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tax evasion

What’s the Difference Between Tax Fraud and Tax Evasion?

By Peek & Toland on July 26, 2016

Tax fraud and evasion are taken very seriously by the Internal Revenue Service (IRS). Those who commit these white collar crimes may end up with a hefty fine or a jail sentence.

These crimes don’t always make headlines unless a famous person is convicted. A case in point is home and garden guru Martha Stewart, who was forced to pay $220,000 in back taxes and penalties to the State of New York for evasion of taxes on her mansion.

Tax fraud and tax evasion are different issues

The complexity of the taxation system means there is a fine line between criminal activity and negligence when it comes to unpaid taxes.

It’s also useful to know the distinctions between tax fraud and tax evasion.

Tax fraud is a general term which can touch on a raft of laws found in Title 26 (the Internal Revenue Code) as well as Title 18 of the United States Code.

To commit fraud, the taxpayer must have shown intent to defraud the government by failing to pay taxes that he or she was well aware were lawfully due.   You can face civil as well as criminal penalties for taxation fraud.

It’s possible for a taxpayer who has committed tax fraud to face civil penalties alone under 26 USC § 6663, without being charged with the offense of criminal tax evasion.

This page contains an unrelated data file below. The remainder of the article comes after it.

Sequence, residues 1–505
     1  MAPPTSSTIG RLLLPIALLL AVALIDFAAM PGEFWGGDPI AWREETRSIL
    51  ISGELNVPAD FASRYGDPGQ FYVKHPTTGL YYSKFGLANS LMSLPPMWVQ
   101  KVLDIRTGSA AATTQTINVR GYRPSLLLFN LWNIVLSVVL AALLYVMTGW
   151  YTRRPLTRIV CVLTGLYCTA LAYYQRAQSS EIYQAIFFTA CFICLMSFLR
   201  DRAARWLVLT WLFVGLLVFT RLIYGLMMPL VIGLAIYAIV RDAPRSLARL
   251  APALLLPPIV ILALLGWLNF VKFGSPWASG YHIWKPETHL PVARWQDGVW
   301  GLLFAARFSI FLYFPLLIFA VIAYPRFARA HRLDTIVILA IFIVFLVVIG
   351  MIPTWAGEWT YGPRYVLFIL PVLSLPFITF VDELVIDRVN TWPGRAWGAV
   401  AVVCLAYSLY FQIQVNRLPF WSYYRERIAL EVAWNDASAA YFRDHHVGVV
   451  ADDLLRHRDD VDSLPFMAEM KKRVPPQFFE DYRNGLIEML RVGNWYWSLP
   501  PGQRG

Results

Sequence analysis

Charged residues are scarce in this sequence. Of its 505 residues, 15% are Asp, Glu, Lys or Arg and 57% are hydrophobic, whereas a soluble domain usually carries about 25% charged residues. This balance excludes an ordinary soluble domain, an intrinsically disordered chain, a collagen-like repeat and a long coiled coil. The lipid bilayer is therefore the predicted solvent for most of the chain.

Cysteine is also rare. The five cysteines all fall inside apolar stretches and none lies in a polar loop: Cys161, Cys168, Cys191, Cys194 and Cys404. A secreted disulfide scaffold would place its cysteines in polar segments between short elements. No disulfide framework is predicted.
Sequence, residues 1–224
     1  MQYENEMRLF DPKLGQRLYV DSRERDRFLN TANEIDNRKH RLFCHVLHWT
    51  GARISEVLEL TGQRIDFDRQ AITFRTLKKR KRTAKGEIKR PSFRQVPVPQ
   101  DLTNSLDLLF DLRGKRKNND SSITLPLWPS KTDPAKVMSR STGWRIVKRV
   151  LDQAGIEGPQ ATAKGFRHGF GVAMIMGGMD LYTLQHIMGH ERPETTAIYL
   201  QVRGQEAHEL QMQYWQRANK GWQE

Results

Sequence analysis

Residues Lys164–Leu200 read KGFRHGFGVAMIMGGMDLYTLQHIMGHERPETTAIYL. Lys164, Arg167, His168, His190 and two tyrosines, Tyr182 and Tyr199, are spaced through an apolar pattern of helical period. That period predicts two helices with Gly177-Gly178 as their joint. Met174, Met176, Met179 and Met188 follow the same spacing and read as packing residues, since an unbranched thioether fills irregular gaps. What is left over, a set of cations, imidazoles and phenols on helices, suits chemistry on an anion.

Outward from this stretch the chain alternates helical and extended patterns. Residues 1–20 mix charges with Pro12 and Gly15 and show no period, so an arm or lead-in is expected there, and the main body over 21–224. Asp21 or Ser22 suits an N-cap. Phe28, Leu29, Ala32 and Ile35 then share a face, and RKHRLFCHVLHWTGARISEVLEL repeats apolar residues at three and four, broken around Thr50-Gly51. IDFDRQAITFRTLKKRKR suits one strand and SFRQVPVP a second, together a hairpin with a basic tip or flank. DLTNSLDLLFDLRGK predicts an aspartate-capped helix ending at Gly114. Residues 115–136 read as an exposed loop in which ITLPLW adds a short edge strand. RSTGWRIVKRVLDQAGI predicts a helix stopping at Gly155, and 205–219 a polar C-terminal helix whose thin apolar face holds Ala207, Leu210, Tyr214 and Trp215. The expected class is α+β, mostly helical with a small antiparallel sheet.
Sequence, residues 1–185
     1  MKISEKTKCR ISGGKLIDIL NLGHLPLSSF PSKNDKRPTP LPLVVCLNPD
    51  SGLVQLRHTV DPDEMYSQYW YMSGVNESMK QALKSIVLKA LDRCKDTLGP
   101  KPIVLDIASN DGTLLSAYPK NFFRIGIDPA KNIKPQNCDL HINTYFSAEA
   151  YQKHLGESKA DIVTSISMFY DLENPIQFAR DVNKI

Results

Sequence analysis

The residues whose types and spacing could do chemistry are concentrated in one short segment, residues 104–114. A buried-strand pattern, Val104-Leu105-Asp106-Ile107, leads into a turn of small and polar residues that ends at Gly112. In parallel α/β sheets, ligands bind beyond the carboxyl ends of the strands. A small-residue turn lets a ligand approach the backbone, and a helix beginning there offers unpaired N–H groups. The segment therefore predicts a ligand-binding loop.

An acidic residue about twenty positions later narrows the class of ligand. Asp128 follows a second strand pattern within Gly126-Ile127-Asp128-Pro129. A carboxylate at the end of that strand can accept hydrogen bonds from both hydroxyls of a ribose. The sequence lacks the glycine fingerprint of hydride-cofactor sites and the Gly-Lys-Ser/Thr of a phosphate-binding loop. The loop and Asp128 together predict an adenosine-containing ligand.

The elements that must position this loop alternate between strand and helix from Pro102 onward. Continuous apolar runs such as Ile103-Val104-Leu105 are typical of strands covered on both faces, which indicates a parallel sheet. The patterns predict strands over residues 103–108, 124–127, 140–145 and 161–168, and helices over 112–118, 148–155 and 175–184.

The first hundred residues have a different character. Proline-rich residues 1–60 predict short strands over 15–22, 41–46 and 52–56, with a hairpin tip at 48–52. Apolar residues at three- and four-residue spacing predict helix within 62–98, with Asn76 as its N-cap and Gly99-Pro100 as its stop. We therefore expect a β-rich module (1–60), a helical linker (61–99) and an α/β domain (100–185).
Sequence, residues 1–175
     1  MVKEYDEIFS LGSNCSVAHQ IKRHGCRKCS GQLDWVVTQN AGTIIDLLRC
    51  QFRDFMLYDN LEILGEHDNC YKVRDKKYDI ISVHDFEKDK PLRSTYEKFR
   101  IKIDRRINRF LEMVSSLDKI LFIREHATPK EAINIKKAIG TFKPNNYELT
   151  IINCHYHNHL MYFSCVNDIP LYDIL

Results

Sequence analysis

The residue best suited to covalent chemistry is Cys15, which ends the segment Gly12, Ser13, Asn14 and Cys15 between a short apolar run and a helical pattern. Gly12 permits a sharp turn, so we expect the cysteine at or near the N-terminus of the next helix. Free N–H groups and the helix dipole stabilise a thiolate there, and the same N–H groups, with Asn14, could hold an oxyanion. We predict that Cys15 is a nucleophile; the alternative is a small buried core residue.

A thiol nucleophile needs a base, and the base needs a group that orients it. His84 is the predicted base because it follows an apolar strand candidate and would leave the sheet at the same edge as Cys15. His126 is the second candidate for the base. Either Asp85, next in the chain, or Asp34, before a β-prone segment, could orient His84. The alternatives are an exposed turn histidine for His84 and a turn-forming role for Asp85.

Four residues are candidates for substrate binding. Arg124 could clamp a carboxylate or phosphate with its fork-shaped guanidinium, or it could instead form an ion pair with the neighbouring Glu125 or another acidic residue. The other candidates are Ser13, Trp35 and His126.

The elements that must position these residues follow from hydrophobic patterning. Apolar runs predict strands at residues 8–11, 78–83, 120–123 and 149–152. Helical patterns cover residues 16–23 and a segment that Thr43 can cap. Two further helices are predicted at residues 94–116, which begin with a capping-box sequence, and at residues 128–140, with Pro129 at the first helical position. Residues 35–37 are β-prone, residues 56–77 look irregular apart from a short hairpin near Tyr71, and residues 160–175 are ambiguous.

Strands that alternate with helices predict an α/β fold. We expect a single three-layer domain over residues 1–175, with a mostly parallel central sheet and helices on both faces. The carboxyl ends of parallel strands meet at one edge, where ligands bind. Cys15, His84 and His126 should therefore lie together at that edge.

Why It’s Difficult for the IRS To Prove Tax Fraud

The IRS faces an uphill task in proving fraud of taxes because the burden of proof is on the department to show that the taxpayer deliberately defrauded the government out of revenue. It’s not easy to prove that a taxpayer willfully intended to defraud the government out of taxation dollars, which is why the IRS often takes the civil rather than the criminal course of suing the taxpayer for unpaid taxes.

You will usually successfully avoid being charged with a crime as long as you have a reasonable argument as to why you failed to pay your taxes.

What is Tax Evasion?

Tax evasion usually results in criminal charges. In these cases, the defendant is accused of deliberately misrepresenting taxable income to the IRS.

Examples of evasion include:

1 Failing to file tax returns;

2 Failing to declare sizeable additional earnings like a second job;

3 Making up false deductions or deliberately overstating them;

4 Using a false social security number.

You should be aware that there are legitimate ways to minimize or avoid paying taxes as described in this FindLaw article.

Our Austin criminal defense lawyers help people who are charged with white collar crimes. You can find out more here on our website.

If you are facing charges of tax fraud or evasion, it’s vital to act fast so as you can make a strong case against the IRS that you did not have criminal intent. Call us for a consultation at (512) 474-4445.

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